Skip Navigation

Voter ID & The Divide

Countless pundits have suggested that the last two months have derailed President Obama’s plans to lead the country into a post-partisan era…

  • Adam Skaggs
March 18, 2009

Countless pundits have suggested that the last two months have derailed President Obama’s plans to lead the country into a post-partisan era, but whether or not bipartisanship ever comes to Washington, D.C., one thing’s for certain: when it comes to the state legislatures, don’t hold your breath waiting for the demise of partisan politics—especially when it comes to election issues the parties think they can exploit to political advantage. That lesson’s been proved again and again over the last few weeks as state legislators across the country have debated strict voter identification laws.

In an op-ed piece they contributed to the New York Times last year, Jimmy Carter and James Baker summed up the partisan divide over requiring voters to present photo ID before voting:

Supporters of this policy argue that . . . election fraud will be reduced. Opponents . . . fear it will disenfranchise voters, especially the poor, members of minority groups and the elderly . . . . The debate is polarized because most of the proponents are Republicans and most of the opponents are Democrats.

Across the country, the parties are following this script closely, with Republican lawmakers pulling out all the stops to enact strict voter ID rules, and Democrats digging in to prevent disenfranchisement of poor, elderly and minority voters.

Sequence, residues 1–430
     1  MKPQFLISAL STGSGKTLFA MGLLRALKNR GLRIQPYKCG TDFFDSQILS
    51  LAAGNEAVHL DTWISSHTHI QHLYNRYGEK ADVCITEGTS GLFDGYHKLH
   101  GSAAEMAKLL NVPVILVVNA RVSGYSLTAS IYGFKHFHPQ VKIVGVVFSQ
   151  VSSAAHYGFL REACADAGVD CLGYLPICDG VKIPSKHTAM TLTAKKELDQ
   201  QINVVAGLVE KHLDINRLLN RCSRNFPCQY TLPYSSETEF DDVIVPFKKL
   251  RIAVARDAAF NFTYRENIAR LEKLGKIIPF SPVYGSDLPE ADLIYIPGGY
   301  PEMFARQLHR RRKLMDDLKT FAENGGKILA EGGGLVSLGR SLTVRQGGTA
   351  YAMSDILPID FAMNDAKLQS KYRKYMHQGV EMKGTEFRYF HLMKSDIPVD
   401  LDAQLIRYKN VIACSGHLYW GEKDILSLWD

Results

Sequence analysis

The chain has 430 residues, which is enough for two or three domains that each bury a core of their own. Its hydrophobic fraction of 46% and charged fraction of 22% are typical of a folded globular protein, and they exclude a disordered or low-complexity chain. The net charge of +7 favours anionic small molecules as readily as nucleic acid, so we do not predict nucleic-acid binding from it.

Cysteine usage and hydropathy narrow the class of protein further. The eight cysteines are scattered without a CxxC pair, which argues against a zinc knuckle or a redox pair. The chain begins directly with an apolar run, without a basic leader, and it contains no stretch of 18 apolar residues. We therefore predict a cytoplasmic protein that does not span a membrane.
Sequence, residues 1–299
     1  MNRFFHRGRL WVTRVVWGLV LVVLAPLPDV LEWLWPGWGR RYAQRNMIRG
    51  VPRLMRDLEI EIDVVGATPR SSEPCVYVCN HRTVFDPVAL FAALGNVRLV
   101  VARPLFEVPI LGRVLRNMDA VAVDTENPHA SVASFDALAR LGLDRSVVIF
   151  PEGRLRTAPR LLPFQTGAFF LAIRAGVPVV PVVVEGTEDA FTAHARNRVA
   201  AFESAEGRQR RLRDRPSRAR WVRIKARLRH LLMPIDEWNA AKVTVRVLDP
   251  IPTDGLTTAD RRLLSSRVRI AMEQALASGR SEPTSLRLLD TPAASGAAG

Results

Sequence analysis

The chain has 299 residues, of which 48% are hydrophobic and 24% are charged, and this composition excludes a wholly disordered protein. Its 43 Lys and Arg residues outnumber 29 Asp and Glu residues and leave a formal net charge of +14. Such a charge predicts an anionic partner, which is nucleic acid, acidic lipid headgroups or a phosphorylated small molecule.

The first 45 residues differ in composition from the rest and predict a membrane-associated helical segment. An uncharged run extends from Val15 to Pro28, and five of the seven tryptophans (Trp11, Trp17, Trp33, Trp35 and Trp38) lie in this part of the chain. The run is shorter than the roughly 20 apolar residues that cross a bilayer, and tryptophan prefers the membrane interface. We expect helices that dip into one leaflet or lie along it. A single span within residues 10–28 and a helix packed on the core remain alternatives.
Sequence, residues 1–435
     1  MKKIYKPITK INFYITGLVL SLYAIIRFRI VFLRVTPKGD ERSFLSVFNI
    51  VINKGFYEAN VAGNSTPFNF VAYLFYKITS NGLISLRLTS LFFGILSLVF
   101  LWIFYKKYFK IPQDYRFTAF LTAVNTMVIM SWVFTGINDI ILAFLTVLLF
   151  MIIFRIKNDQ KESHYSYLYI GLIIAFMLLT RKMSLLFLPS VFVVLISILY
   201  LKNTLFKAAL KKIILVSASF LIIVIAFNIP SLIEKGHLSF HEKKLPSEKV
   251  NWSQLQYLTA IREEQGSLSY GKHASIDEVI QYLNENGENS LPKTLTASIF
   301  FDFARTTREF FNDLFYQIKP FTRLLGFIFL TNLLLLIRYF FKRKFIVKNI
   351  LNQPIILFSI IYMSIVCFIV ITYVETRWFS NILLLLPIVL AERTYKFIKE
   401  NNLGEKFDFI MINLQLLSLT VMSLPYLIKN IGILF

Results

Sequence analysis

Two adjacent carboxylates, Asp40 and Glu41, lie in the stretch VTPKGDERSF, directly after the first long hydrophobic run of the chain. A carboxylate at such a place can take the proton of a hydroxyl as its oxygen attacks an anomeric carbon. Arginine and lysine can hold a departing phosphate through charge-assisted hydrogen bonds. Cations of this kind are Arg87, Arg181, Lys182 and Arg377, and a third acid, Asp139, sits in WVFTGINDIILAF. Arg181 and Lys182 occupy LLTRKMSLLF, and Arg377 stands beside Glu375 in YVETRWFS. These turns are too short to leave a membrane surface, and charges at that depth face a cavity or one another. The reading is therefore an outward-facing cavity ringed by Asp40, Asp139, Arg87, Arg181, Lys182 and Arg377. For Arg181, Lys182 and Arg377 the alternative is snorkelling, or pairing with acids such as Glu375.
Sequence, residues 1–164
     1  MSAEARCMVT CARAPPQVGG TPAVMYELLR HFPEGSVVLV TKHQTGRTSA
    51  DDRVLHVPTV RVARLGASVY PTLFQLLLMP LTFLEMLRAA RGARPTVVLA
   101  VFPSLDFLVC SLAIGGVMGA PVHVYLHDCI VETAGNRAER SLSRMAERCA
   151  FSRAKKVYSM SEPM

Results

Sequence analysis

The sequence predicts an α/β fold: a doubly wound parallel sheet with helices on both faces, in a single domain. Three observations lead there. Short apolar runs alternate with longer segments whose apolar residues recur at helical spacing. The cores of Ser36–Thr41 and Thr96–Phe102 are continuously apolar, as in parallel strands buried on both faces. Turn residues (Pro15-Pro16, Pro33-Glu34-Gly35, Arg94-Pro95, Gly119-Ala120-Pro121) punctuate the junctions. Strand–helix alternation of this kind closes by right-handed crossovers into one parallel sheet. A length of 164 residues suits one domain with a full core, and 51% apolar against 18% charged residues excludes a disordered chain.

Last month, for example, GOP lawmakers in the South Carolina House passed a photo ID bill over angry resistance from their Democratic colleagues; the Democrats stormed out of the session in protest. In Tennessee, the Republican sponsor of a photo ID bill brushed aside a chorus of voices explaining that it was wholly unnecessary, and went so far as to claim the bill would actually increase voter turn-out. And in Mississippi, Republicans fought so hard for a punitive voter ID bill that they actually killed a compromise proposal to require photo ID because it wasn’t strict enough—and would have permitted such voter-friendly policies as early voting.

The latest chapter in the voter ID saga is unfolding in Austin, where the members of the Texas Senate are expected to approve a voter ID bill today—on a strictly party line vote—and pass it to the House. Its fate in the House is slightly less certain because Republicans hold only a slim advantage, but it’s likely to eventually pass the House and end up on the desk of Governor Rick Perry.

That’s unfortunate. As we testified before the Texas Senate last week, Texas has had no problem with the only form of voter fraud that a voter ID bill can possibly address: impersonation of a registered voter at the polling place. The problem of impersonation fraud has been definitively debunked, and the theoretical possibility that such fraud could happen is simply not sufficient to justify a bill that will make it difficult or impossible for some poor, elderly and minority voters to vote. So it’s a wonder that GOP senators in Texas insist on devoting so much time and energy—including an all-night session that lasted nearly 24 hours—on a “solution” in search of a problem. Instead, they could be tackling the real problems facing Texans, like education, health care, and rising home foreclosures.